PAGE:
Development of brain beta-adrenergic receptors after neonatal 6-hydroxydopamine treatment.
We used [125I]-cyanopindolol in vitro autoradiography and neonatal 6-hydroxydopamine treatment to study the development of beta-adrenergic receptor subtypes in rat brain. Brain regions receiving locus coeruleus innervation, such as cerebral cortex and cerebellum, displayed low receptor densities at birth and increased in density rapidly during the second and fourth weeks postnatally. By contrast, regions which receive little innervation from the locus coeruleus, such as substantia nigra, striatum, and globus pallidus, displayed relatively high beta-receptor densities even at birth. The striatum appeared to be an exception to these generalizations. 6-Hydroxydopamine administration was associated with an increase in the densities of beta-receptor subtypes and, unexpectedly, with a change in the proportions of the two subtypes. These data support the view that innervation determines the ontogenetic patterns of some receptors in brain.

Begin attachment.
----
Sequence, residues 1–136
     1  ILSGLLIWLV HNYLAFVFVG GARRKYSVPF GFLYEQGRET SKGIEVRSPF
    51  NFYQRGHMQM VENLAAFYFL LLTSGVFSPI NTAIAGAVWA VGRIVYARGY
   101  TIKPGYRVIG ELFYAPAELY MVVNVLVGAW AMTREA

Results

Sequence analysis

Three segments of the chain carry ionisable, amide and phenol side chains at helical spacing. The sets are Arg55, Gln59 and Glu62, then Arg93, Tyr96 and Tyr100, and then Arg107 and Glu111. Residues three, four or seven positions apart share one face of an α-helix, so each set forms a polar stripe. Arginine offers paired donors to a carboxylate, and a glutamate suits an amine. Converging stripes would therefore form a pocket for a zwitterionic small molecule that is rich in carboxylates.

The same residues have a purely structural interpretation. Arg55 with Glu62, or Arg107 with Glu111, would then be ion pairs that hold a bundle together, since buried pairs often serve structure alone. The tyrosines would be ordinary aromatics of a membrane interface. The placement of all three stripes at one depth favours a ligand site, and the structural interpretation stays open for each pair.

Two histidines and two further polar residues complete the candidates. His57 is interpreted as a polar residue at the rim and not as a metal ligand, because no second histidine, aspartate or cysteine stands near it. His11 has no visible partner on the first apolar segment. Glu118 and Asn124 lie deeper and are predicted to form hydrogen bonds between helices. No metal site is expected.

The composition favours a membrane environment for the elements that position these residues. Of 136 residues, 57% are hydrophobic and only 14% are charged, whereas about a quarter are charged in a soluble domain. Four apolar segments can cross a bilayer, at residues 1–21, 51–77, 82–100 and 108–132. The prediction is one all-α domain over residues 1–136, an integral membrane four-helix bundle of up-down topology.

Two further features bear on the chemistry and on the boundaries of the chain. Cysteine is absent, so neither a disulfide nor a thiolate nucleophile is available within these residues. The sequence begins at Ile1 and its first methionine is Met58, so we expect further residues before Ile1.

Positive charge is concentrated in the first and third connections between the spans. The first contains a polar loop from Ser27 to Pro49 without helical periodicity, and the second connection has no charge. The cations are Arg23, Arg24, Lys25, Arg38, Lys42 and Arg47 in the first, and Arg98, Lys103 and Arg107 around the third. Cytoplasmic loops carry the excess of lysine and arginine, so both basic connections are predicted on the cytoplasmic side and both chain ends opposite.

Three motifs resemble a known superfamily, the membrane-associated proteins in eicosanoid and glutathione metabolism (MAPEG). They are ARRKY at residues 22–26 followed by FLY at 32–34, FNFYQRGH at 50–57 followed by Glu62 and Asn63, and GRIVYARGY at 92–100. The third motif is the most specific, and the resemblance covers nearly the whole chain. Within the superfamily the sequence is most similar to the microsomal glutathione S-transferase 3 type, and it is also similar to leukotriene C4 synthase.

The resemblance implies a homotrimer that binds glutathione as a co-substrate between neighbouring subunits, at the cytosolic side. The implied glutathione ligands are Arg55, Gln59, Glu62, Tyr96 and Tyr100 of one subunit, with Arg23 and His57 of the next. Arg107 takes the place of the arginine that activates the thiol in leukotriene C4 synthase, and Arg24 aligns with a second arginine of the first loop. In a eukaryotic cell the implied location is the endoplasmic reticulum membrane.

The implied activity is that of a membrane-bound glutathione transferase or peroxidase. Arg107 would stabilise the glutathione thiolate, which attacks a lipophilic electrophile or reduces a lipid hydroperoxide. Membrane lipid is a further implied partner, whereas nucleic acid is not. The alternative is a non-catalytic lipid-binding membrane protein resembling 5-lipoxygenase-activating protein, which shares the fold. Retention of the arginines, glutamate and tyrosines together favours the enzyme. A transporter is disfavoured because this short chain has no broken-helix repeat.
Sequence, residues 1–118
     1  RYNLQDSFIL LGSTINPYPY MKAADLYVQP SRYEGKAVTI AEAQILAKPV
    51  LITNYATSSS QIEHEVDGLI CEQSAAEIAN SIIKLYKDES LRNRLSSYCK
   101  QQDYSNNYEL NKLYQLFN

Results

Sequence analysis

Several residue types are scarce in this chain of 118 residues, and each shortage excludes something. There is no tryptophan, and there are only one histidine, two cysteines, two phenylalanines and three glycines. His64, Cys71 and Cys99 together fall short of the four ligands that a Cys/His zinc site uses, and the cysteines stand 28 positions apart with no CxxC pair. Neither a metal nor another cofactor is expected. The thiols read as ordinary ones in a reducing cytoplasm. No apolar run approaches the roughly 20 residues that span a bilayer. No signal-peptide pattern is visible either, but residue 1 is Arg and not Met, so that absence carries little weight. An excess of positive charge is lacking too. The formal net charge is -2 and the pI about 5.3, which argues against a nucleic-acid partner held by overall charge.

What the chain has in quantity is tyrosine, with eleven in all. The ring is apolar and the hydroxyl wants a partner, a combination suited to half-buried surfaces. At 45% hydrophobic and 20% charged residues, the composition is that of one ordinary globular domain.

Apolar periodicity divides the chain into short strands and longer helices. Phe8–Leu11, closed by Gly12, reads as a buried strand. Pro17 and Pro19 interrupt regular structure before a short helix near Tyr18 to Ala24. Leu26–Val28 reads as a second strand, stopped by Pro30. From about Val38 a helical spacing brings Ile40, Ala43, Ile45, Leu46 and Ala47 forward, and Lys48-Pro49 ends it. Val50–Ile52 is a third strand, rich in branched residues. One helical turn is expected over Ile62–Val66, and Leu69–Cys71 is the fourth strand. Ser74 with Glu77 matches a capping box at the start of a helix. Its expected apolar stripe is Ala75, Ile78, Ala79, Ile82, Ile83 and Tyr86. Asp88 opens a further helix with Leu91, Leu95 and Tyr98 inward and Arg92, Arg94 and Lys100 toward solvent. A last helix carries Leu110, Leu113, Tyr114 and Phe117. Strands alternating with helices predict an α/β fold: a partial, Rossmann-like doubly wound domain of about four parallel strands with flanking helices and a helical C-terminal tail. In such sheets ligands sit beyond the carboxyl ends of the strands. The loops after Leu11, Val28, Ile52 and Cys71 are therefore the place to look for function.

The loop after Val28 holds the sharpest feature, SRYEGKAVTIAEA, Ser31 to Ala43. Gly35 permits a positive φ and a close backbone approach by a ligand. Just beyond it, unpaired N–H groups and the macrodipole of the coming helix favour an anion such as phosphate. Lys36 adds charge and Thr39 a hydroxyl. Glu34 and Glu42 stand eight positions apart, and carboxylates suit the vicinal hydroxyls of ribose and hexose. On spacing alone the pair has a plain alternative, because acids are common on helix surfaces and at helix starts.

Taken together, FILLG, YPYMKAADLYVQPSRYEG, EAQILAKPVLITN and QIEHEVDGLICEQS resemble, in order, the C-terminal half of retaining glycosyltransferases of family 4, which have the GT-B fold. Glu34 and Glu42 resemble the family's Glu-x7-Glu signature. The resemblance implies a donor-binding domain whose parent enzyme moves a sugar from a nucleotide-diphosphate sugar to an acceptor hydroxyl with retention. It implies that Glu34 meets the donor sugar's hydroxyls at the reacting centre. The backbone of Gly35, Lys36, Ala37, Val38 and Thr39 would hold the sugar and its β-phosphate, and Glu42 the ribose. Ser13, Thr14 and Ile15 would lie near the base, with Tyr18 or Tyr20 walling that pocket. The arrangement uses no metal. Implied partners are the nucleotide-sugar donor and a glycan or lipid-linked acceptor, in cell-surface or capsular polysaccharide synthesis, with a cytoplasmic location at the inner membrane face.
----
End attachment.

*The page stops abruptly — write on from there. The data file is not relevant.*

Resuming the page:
Lorton, D; Bartolome, J; Slotkin, TA; Davis, JN
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